Technologies of the future, or what awaits us in…2042

Twenty years ago, few would have imagined the world as it is today: Facebook, Instagram, Linkedin, Twitter, Messenger, Whatsapp, Google, Netflix, streaming and auction platforms, the growth of the internet and e-commerce, bots, smart electronic devices, electric cars, parcel machines overthrowing the seemingly unassailable position of the traditional post office, the popularity of esports, etc. etc. etc. Today these things are something we take for granted. Especially for the younger generation, who came into this world in the era of these “inventions”, and for whom life without them simply does not exist. The beginning of the year is usually a time for taking stock and predicting what lies ahead. I, however, would like to look a little further ahead. We can see how much our reality has changed in the last twenty years in terms of technology (e.g. online casinos and casino site review), so it begs the question – what will it be like in twenty years’ time?

Metaversum, the technology of the future

That the internet, and all the business associated with it, will continue to evolve seems obvious. But in two decades’ time, we will certainly be entering the era of the metaverse – as currently promoted by the owner of Facebook. Virtual reality will become as natural to the next generation as using a smartphone is to the current one. We will meet up with friends, relax and have fun virtually, play sports…and even have sex. Will this be accompanied by similar feelings to the traditional, physical experience of these things as they currently exist in shape and form? It is reasonable to assume that the gigantic development of technology is capable of providing this. Will this affect our psyche, and how? What kind of people (in an emotional sense) will we be? How will our way of communicating change?

 These questions are currently difficult to answer. One thing is certain. Virtual reality is already strongly present in our lives today. It is used, for example, in therapy for people who have lost loved ones and are experiencing enormous psychological discomfort as a result. The ability to ‘recreate’ deceased people, their behaviour, habits, manner of speech, makes it possible, so to speak, to bring them back to life in the consciousness of those undergoing such therapy.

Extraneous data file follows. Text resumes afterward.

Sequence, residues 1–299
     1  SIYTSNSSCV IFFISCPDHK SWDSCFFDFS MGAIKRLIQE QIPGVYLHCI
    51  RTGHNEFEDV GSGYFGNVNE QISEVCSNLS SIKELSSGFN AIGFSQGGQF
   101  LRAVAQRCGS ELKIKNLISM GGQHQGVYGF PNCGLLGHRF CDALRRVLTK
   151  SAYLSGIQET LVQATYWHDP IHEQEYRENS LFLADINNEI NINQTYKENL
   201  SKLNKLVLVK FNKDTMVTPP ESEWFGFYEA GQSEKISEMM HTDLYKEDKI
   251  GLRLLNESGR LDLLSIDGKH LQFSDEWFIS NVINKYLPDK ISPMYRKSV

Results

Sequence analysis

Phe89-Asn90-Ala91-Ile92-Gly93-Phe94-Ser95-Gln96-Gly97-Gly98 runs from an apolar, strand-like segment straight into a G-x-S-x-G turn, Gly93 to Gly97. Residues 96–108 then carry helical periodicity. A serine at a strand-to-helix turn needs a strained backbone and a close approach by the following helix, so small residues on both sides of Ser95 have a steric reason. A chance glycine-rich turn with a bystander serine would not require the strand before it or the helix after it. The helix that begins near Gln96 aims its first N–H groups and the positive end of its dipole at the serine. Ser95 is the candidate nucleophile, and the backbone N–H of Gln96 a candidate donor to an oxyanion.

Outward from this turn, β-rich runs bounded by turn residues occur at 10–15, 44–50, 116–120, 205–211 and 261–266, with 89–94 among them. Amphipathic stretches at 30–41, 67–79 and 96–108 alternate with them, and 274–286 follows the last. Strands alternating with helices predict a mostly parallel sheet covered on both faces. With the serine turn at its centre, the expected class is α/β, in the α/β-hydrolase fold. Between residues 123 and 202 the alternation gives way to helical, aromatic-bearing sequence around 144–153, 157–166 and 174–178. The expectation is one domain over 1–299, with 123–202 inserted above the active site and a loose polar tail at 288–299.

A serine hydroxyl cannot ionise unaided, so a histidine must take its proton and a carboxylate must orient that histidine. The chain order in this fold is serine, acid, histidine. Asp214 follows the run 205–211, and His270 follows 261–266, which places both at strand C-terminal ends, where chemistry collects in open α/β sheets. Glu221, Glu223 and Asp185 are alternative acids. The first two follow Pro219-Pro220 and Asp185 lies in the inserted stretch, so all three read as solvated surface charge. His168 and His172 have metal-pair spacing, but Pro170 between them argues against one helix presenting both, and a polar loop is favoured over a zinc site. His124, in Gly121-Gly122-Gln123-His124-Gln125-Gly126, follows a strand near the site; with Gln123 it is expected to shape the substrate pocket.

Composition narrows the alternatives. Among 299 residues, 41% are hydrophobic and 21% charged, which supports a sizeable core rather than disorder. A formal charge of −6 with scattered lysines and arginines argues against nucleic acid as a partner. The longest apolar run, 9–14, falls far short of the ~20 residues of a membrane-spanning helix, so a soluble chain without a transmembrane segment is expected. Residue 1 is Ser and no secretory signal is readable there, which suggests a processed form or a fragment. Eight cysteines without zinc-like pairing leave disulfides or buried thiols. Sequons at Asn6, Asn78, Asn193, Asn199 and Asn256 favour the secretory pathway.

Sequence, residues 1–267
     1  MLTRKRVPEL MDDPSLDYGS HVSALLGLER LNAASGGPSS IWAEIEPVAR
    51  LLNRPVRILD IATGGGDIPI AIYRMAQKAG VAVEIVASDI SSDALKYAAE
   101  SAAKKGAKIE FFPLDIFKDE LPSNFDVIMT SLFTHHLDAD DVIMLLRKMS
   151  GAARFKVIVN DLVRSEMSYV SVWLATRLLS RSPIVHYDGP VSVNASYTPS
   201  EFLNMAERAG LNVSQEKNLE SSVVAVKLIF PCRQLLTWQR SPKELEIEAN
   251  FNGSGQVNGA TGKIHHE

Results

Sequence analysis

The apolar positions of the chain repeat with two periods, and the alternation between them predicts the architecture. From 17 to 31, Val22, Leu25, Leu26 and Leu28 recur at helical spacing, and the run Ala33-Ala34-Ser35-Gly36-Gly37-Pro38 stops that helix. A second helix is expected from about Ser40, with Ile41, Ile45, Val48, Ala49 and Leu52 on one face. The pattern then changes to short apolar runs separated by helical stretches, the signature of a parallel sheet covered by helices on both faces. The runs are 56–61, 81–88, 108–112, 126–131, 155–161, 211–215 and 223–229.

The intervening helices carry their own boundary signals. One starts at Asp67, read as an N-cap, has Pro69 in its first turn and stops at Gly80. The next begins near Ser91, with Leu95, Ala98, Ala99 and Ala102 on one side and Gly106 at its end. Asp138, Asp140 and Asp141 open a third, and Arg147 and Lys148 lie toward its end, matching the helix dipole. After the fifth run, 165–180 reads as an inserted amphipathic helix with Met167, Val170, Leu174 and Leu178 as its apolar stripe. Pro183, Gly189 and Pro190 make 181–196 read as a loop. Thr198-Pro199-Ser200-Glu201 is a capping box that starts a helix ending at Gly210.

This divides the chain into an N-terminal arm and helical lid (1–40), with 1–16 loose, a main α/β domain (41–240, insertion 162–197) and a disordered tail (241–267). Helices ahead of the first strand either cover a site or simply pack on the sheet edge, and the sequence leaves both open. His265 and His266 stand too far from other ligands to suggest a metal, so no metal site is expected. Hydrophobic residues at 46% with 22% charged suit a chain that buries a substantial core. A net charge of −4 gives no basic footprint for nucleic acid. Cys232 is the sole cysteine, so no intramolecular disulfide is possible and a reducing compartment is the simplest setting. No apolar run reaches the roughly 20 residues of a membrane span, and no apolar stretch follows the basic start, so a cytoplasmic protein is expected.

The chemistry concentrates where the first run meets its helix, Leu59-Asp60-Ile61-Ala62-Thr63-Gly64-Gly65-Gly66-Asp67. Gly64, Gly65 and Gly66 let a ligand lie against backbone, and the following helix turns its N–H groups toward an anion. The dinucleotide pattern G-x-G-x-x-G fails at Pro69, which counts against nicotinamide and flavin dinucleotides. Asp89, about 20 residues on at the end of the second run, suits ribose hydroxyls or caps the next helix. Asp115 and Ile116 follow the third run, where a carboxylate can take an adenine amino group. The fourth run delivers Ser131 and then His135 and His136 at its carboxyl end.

Why does Mark Zuckerberg want to invest so heavily in metaversum? (He plans to invest nearly $10 billion in this technology in 2022 alone). The motives will not be fully known. There may be many, but when you don’t know what’s at stake, it’s all about money. After all, it is estimated that in the next 10 years the metaverse market will be worth at least several trillion dollars. Gigantic money will be made from virtual shops and services, but also from hardware and software. And we as a society may start to function – literally and figuratively – in a kind of matrix.

The world will be very different in 20 years’ time

In 2042, no one will be surprised by driverless cars or other modes of transport. Unmanned and cashless shops are already emerging. This is a solution pioneered by Amazon and successfully implemented on the Polish market by Żabka. Consumer electronics will look completely different. Will traditional multi-inch smart TVs disappear? Probably yes. Will bots and AI replace human services? Probably yes. Will traditional currencies and payment methods be replaced by something completely different? Naturally! Will the labour market then change? Certainly yes! Most of the current professions will disappear and new ones will appear. Which ones? It is difficult to predict. Current trends are broadly IT, robotics, automation, cyber security,…but in 20 years it will be very different.

Will we be working then? I can imagine a conversation between two young people in the year 2042, where one of them says to the other:

– Do you feel that twenty years ago people had to work until the age of 65?

Maybe in 20-30 years, every citizen will live at the expense of the state (which will be able to afford it), without having to work. Those who want to will work. This is somewhat similar to what has happened to military service in most countries over the last few years. So-called sharing life and the sharing economy will probably come into strong use. The right of ownership will cease to have a raison d’être for most citizens. The right to access, use and share will dominate. Almost everything.

And what will it really be like? Probably everyone would like to know.

Amanda Flemings

An accomplished content writer with a talent for weaving words into captivating narratives. With a keen eye for detail, impeccable research skills, and a passion for diverse subjects, they craft engaging, informative, and authentic content. Their ability to adapt and connect with audiences makes them a reliable source of information and storytelling.

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